Despite this, landlords and developers are strongly pressuring the government to drop rent controls. If they are obtaining average increases that are well above the supposed limit with controls, one can only speculate what will happen to rents after controls.

Prepare for removal

To prepare for the removal of controls, the Davis government released a “green paper” in February of this year, entitled “Policy Options for Continuing Landlord Protection and Profits.”

However, because an end to controls will cause massive tenant displeasure, the “green paper” says controls may be extended in some form or another while the government will also encourage developers to build more apartments by giving them large amounts of public funds as subsidies.

Taxes subsidize profits

While this will not help the small landlords, some of whom have had some legitimate complaints about the operation of rent controls, it will be a boon to large private developers, who will have their profits bolstered from the taxes of tenants and other taxpayers. Naturally they will retain complete ownership of these buildings despite the fact that large amounts of public money will have gone into their construction. And when controls are finally dropped tenants will be forced to pay high market rents in buildings they helped finance through their taxes.

But as the “green paper” points out, subsidization of private developers is not a recent phenomenon. In 1977, the paper states, “almost 85 per cent of rental production was publicly assisted.” This includes housing for low-income tenants who have their rents subsidized by the government, resulting in a double – and continuing – subsidy for the builder who constructs the building and then collects the rents.

Faced with tremendous opposition to rising rents, government seems inclined to take the politically easier route of providing developers with profit subsidies directly through tax money.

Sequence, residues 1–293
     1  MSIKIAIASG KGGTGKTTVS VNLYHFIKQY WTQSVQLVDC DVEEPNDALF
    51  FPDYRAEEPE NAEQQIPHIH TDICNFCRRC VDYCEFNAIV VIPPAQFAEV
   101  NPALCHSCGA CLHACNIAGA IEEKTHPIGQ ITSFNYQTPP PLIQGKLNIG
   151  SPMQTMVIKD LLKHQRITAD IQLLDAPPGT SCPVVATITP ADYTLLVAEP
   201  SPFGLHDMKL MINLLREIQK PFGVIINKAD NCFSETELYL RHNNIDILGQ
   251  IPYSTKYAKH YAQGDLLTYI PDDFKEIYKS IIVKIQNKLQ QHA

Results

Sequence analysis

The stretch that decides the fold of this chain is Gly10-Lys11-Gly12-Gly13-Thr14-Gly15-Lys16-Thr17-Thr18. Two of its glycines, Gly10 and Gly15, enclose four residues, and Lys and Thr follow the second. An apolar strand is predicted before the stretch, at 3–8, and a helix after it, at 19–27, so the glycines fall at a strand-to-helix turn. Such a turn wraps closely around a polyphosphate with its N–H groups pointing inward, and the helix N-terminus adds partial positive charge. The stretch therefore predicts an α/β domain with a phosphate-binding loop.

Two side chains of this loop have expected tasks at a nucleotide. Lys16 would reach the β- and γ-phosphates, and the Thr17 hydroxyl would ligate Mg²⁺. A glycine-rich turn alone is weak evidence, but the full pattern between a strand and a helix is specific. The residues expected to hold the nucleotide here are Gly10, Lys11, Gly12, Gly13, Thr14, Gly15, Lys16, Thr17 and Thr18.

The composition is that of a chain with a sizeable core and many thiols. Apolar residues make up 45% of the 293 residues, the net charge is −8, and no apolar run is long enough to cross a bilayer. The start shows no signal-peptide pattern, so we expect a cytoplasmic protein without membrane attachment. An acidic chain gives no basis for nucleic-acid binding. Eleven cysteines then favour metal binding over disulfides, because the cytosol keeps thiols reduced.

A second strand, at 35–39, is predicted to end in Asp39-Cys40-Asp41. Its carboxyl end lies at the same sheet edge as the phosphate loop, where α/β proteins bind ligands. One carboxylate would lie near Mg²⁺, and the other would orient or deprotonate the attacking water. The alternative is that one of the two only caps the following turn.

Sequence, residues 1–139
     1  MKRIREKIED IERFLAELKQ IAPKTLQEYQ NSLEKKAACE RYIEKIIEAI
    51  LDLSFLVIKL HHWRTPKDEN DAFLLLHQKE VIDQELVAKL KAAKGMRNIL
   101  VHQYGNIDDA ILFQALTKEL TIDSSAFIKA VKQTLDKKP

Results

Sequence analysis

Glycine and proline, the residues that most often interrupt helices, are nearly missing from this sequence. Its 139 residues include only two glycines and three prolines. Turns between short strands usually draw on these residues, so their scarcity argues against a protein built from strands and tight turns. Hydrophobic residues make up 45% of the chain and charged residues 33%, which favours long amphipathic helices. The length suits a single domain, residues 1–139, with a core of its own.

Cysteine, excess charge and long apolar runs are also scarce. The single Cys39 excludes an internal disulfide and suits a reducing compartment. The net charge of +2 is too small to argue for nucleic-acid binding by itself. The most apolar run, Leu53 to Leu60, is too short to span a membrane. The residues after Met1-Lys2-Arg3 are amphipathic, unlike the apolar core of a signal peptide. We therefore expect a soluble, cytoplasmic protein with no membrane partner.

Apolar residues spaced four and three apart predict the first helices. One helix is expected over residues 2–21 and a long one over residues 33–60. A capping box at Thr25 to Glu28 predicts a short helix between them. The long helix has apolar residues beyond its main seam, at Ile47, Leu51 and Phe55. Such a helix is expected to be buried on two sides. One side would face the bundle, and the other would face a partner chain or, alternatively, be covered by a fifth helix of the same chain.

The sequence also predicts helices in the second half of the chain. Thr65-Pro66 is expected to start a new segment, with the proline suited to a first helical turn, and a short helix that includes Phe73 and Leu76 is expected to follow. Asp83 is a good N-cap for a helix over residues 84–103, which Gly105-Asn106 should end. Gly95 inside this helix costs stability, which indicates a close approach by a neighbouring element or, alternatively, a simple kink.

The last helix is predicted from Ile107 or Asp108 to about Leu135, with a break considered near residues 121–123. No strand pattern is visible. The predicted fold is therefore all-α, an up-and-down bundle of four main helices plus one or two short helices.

Tenant groups opposed

However, tenant organizations disagree with the government’s plans and have formulated ideas of their own. They oppose paying for construction with public money while allowing developers to retain ownership of the units thus built. Instead, they are pushing the idea that funds go to non-profit housing corporations which would concentrate on affordable housing rather than on higher-priced, higher-profit units. They also want funds to be given to tenant controlled co-ops that supply housing whose rents are geared to cover construction and maintenance costs only while eliminating the additional expense of profit.

Non-profit housing

Although government funding is provided to co-op and non-profit housing at the present time, the amount is very small compared to that given private developers, which include some of the largest and most profitable corporations in Canada.

According to the tenant organizations, another problem with privately-owned apartment buildings is that tenants pay for the construction costs of the structures several times over during its lifetime. In the case of co-ops and other tenant-controlled housing projects, the construction cost is paid for once and then rents are much lower.

At this point, the government has shown little interest in the suggestions of tenant groups – the green paper doesn’t even consider them. However, tenant organizations feel that Toronto’s one million tenants have a good chance of influencing future housing policies in the province because of the pressure they can potentially exert on the minority Conservative government. A million people committed to the proposition that good affordable housing is a right, not a privilege that depends on someone making a high enough profit from it, could be a potential political force.

This article was published in Seven News, Volume 9, Number 2, June 3, 1978

Related topics: Affordable housingHousingHousing costsHousing policies & programsNon-profit housingRent controlRent increasesRentsTenants